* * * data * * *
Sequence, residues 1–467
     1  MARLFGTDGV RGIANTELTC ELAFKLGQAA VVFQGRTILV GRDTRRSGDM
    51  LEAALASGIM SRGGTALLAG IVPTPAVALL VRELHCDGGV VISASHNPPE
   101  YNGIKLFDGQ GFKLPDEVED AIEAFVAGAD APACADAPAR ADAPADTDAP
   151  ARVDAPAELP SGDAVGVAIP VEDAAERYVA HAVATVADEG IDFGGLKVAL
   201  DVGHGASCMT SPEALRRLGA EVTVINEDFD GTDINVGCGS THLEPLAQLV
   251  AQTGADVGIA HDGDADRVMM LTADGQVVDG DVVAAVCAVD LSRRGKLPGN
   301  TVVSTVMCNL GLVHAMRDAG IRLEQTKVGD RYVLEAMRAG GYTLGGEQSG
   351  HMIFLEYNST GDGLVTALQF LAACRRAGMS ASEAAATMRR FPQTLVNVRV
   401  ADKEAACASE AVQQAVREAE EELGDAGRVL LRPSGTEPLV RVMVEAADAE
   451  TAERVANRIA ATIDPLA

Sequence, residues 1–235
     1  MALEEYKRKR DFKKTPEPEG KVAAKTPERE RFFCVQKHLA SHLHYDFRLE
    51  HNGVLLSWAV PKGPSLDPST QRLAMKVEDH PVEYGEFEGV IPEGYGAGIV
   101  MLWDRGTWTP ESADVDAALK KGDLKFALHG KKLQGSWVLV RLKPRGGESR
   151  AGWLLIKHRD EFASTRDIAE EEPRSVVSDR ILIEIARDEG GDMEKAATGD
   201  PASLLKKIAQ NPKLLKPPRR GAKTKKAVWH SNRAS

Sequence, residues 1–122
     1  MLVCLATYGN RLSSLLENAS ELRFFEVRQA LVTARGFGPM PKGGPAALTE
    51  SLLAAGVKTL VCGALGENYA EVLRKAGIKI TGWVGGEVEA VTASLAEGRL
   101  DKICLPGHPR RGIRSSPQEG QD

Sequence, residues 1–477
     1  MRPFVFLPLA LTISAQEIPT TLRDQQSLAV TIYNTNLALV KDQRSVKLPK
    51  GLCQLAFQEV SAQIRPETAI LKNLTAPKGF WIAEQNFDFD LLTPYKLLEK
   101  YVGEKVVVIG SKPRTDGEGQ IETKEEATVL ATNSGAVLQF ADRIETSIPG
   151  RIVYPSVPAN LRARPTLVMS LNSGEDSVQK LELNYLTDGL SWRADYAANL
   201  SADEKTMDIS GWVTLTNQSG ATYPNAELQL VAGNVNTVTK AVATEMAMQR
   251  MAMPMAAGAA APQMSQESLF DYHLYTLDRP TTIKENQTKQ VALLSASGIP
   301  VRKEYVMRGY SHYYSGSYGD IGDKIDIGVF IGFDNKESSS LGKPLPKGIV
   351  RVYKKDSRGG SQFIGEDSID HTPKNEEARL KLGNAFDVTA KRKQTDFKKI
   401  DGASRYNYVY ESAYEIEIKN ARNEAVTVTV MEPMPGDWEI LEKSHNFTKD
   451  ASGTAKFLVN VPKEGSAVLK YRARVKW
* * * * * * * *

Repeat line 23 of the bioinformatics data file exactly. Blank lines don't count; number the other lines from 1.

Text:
     1  MRPFVFLPLA LTISAQEIPT TLRDQQSLAV TIYNTNLALV KDQRSVKLPK